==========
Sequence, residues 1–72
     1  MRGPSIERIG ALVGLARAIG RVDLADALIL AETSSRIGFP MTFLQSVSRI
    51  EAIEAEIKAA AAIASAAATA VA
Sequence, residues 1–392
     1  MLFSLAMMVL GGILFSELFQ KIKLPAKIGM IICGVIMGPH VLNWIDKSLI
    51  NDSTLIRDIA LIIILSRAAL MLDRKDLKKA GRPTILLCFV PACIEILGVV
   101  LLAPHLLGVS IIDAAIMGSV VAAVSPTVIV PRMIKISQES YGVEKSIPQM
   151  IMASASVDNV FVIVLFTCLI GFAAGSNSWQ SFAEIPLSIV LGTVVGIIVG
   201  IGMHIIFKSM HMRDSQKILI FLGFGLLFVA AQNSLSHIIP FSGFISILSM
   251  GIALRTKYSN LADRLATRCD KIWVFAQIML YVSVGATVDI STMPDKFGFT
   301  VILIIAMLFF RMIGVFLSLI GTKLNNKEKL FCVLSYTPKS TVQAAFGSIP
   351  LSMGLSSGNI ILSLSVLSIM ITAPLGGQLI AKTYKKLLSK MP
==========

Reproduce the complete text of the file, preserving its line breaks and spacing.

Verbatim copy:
Sequence, residues 1–72
     1  MRGPSIERIG ALVGLARAIG RVDLADALIL AETSSRIGFP MTFLQSVSRI
    51  EAIEAEIKAA AAIASAAATA VA
Sequence, residues 1–392
     1  MLFSLAMMVL GGILFSELFQ KIKLPAKIGM IICGVIMGPH VLNWIDKSLI
    51  NDSTLIRDIA LIIILSRAAL MLDRKDLKKA GRPTILLCFV PACIEILGVV
   101  LLAPHLLGVS IIDAAIMGSV VAAVSPTVIV PRMIKISQES YGVEKSIPQM
   151  IMASASVDNV FVIVLFTCLI GFAAGSNSWQ SFAEIPLSIV LGTVVGIIVG
   201  IGMHIIFKSM HMRDSQKILI FLGFGLLFVA AQNSLSHIIP FSGFISILSM
   251  GIALRTKYSN LADRLATRCD KIWVFAQIML YVSVGATVDI STMPDKFGFT
   301  VILIIAMLFF RMIGVFLSLI GTKLNNKEKL FCVLSYTPKS TVQAAFGSIP
   351  LSMGLSSGNI ILSLSVLSIM ITAPLGGQLI AKTYKKLLSK MP